Baseball's regular season is over – a bittersweet year for Dodger fans but an extraordinary one for baseball fans.
A year ago, the Dodgers were mired under a nightmare ownership. Now, they are out from that nightmare but still on the outside of the playoffs, watching teams advance from such where-have-they-been cities as Baltimore, Washington and, craziest of all, Oakland – which came back from a 13-game deficit in the American League West and reached first place for the first time in 2012 only when the final out of the season was made.
A year ago, Clayton Kershaw finished his season in dominant fashion and ended up winning the National League Cy Young Award. This year, Kershaw practically did the same thing again, capping his 2012 with eight innings of one-run ball (as well as an RBI single) in the Dodgers' season-ending 5-1 victory over San Francisco. Kershaw finished first in the NL in ERA and WHIP (walks and hits per inning pitched) for the second year in a row – but will, if I'm any kind of prognosticator, lose the next Cy Young vote to a triumphant, feel-great season from 37-year-old knuckleballer R.A. Dickey.
A year ago, Matt Kemp came as close as I thought I'd ever see anyone come to winning baseball's Triple Crown since a month before I was born in 1967. Tonight, Miguel Cabrera went and actually won the darn thing, while the Dodgers announced that Kemp would have arthroscopic surgery on his left shoulder Friday.
There's been a fervent debate in baseball about the relevance of the Triple Crown to the Most Valuable Player race, and you can count me among the group that feels it shouldn't be the preeminent deciding factor – that you must also seek the best ways to account for the player's complete performance, including on-base percentage, defense and baserunning. That doesn't mean that I don't think what Cabrera did wasn't totally, supremely cool, and my only negative thought is my regret that Kemp didn't get there first.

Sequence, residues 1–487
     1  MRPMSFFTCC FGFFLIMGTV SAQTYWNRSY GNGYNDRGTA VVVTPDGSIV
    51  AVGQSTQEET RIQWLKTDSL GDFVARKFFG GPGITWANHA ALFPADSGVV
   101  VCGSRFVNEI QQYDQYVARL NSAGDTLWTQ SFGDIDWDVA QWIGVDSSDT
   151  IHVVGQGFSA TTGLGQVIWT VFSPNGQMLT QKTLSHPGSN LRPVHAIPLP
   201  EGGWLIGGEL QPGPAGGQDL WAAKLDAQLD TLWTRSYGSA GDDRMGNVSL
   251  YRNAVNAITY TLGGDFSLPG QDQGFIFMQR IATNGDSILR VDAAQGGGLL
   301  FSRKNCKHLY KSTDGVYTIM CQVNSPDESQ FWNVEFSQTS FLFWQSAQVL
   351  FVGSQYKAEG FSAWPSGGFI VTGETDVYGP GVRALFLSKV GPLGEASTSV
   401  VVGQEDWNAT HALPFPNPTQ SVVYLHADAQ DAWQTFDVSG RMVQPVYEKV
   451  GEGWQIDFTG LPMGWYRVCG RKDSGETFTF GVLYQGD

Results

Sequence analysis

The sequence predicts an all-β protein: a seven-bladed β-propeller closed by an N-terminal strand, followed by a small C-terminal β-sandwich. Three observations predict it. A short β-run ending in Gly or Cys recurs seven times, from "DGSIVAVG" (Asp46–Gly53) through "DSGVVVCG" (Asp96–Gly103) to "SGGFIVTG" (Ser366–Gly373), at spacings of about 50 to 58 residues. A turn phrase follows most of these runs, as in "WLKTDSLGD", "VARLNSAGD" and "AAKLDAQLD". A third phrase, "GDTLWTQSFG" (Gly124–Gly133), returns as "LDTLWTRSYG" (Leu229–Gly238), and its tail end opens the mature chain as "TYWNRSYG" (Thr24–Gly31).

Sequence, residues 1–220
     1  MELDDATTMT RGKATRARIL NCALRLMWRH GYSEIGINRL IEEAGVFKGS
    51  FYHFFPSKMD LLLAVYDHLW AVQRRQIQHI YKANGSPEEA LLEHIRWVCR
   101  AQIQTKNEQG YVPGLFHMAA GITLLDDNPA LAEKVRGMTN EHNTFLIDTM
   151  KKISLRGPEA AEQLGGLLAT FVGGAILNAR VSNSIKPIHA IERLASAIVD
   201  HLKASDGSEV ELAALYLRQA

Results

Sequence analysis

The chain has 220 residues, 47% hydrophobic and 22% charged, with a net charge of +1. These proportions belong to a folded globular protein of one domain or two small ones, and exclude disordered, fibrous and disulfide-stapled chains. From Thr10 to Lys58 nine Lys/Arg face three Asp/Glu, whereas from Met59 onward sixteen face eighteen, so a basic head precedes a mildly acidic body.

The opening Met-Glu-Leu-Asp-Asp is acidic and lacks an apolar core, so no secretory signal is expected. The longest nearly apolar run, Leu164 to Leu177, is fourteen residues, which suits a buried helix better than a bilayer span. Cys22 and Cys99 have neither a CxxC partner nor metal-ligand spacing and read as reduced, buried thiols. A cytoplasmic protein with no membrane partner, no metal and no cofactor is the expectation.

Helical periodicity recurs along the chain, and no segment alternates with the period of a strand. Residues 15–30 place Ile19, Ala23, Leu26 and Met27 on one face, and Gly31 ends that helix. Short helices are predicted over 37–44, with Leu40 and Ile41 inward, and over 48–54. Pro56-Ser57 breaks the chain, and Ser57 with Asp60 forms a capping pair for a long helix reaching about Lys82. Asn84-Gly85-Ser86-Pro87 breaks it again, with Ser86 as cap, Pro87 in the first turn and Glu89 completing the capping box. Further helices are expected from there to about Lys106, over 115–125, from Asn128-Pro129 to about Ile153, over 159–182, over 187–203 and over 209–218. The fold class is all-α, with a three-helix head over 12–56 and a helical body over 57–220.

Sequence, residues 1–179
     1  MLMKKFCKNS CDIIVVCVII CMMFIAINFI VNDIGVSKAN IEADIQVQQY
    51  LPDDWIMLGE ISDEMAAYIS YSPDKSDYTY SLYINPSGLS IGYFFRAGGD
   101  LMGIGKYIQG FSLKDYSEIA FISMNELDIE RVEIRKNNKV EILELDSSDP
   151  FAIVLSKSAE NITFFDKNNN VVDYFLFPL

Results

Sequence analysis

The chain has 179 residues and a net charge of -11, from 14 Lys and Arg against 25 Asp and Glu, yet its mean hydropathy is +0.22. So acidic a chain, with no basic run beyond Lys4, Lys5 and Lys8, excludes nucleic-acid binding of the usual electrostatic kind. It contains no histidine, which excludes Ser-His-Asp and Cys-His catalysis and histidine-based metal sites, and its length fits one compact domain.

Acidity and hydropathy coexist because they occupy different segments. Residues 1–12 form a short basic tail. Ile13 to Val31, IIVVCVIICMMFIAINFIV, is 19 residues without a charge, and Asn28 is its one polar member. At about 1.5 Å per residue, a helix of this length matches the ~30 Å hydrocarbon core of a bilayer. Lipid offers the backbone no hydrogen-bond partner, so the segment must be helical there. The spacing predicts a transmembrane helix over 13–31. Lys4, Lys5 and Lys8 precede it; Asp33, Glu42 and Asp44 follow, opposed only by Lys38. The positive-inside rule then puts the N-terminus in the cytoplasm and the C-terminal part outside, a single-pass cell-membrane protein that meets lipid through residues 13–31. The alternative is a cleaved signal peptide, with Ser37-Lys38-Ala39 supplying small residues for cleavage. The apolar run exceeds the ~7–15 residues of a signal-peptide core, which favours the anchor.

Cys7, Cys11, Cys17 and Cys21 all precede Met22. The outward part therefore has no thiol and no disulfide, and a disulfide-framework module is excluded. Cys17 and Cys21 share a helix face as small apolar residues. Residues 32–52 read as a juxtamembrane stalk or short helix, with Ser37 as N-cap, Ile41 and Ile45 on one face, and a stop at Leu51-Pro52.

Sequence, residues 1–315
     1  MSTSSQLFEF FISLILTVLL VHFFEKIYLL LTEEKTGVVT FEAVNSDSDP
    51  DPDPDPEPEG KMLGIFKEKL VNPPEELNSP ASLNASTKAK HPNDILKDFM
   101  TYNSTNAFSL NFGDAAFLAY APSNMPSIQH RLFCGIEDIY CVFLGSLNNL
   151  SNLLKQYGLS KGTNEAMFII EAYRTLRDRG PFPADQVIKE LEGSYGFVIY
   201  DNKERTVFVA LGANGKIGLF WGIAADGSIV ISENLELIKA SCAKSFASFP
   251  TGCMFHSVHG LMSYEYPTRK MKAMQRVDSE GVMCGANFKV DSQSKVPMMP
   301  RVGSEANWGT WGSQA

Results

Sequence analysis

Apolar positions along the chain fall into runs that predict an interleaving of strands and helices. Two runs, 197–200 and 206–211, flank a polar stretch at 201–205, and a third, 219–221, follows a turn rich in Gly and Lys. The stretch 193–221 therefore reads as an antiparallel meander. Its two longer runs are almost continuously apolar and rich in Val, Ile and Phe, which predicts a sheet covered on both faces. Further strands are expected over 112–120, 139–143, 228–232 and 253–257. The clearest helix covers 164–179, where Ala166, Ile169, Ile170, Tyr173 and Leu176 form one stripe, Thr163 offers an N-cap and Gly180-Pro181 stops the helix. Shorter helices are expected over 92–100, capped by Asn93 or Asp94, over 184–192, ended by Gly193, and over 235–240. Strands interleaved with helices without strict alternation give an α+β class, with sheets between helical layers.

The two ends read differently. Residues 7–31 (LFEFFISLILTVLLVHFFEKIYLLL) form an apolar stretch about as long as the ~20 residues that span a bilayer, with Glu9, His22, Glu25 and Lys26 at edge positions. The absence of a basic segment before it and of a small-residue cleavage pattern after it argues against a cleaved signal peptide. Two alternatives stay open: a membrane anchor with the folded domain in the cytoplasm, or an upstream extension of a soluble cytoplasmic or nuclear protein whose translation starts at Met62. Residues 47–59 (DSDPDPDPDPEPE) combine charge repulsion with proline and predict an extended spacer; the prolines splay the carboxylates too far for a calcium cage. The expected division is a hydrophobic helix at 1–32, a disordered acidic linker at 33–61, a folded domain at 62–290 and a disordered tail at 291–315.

Instead, Kemp will be treated this week for a torn labrum. In 2003, doctors operated on then-Dodger slugger Shawn Green for a torn labrum and were unable to repair it, instead only removing the damaged cartilage. Researching the subject, I concluded that Green's former power was not likely to return, and that proved to be the case. Dodger fans can only hope Kemp's operation goes better.
So it's not exactly been a Candyland year for the Dodgers, but you could hardly say it's been all bad. The first two months of the season were joyous, the last week of it thrilling. Vin Scully, working toward his 85th birthday, recovered from an early season illness and only seemed to draw more strength as the campaign progressed to its suspenseful if ultimately unfulfilling conclusion.
It was the year of A.J. Ellis and of Luis Cruz. It was a year of constant adjustment, a year of alternating pleasure and disgust. It was the 24th year without a World Series, giving next year a potential silver anniversary in the least rewarding sense. The only team to with more victories than the Dodgers' 168 over the past two seasons while failing to reach the postseason is the Angels.
The franchise has much work to do between now and 2013, from proceeding with Dodger Stadium renovations to recovering from injuries, filling holes on the roster and, if not learning to call for bunts so often, at least learning how to lay them down. (But seriously, let's not call for bunts so often.)
I spent the final month of the season writing as little about the Dodgers and baseball as I have in 10 years. Most of the time, it was a nice change of pace, to simply be able to watch (or not) without the imperative to comment. But the pull of baseball remains a powerful one. Even when your team falls short, there's just so much to savor. How can you not love it?